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March 1933

EFFECT OF MILK AND MODIFIED MILK ON GASTRIC CONTRACTIONS

Author Affiliations

CHICAGO
From the Department of Pediatrics, the University of Chicago. Read before the Section on Pediatrics at the Eighty-Third Annual Session of the American Medical Association, New Orleans, May 12, 1932.

Am J Dis Child. 1933;45(3):480-485. doi:10.1001/archpedi.1933.01950160022003
Abstract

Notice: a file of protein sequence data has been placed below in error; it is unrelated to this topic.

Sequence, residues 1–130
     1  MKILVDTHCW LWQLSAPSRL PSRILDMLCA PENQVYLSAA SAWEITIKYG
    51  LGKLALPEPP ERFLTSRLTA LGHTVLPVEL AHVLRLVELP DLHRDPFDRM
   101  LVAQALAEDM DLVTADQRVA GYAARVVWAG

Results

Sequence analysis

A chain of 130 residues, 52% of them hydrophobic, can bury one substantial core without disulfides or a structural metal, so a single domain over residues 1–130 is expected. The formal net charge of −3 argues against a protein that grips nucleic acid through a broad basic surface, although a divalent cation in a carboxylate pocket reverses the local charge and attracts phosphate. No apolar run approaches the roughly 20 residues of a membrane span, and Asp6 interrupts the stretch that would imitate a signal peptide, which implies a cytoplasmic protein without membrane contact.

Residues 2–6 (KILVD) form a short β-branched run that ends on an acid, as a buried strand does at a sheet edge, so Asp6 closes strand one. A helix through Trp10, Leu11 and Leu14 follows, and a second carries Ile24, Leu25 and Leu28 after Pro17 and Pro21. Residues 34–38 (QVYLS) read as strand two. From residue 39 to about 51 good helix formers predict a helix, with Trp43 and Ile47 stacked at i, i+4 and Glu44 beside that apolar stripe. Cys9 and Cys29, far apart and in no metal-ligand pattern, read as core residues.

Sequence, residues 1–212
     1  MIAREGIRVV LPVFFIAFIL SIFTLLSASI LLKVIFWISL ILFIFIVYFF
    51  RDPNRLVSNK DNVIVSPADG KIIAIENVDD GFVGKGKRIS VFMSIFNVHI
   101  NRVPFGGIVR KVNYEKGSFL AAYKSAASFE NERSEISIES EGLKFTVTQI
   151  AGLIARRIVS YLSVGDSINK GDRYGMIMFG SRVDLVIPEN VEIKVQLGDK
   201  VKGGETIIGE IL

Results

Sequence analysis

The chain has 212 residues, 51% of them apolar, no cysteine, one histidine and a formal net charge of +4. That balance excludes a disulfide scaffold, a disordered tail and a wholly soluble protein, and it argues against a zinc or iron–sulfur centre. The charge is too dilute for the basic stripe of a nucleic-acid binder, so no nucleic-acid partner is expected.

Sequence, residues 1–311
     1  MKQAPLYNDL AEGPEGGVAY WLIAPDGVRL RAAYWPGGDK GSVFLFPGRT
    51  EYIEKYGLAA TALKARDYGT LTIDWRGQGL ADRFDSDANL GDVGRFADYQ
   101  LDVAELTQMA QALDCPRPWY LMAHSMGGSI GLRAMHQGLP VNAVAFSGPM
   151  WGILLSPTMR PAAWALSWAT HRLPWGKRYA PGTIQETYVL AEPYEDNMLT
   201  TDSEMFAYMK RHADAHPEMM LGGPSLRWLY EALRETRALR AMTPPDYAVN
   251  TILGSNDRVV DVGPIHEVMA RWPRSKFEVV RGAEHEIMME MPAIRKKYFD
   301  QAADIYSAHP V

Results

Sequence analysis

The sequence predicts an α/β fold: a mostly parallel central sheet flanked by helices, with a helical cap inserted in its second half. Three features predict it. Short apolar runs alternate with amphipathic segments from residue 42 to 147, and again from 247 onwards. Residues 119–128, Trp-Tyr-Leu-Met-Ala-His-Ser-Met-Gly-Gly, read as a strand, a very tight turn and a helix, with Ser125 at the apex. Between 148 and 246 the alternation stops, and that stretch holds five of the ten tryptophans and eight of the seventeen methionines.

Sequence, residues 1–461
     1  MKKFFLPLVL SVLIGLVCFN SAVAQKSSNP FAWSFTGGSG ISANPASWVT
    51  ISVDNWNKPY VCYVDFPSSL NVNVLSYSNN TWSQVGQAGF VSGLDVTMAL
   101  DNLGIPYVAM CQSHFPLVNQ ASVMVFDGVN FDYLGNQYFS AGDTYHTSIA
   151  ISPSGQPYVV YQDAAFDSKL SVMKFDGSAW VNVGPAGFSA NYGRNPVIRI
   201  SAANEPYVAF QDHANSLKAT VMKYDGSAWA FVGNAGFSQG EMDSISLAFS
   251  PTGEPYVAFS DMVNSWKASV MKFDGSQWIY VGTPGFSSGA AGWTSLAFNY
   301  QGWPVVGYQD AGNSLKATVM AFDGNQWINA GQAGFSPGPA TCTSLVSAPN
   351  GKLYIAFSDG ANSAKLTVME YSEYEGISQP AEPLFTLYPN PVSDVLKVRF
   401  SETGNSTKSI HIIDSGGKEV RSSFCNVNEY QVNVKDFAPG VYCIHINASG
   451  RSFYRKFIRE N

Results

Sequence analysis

After a meal, contractions of the stomach occur either when the stomach contains very little food or when it is completely empty. These contractions are usually associated with the sensation of hunger (Carlson1). The contractions of the empty stomach may be influenced through the nervous system by impulses from the vagus and splanchnic nerves. Emotions such as fear, rage, anger or joy cause an inhibition of the contractions primarily throughthe stimulation of the splanchnics (Carlson2). The motility of the empty stomach also seems to be influenced chemically by means of the condition of the blood; i. e., the injection of blood from a starved dog into the veins of a normal animal is accompanied by the onset of gastric contractions (Carlson3). Therefore, foods that are quickly digested and readily absorbed from the gastro-intestinal tract should probably delay the oncoming of hunger contractions as compared with those that

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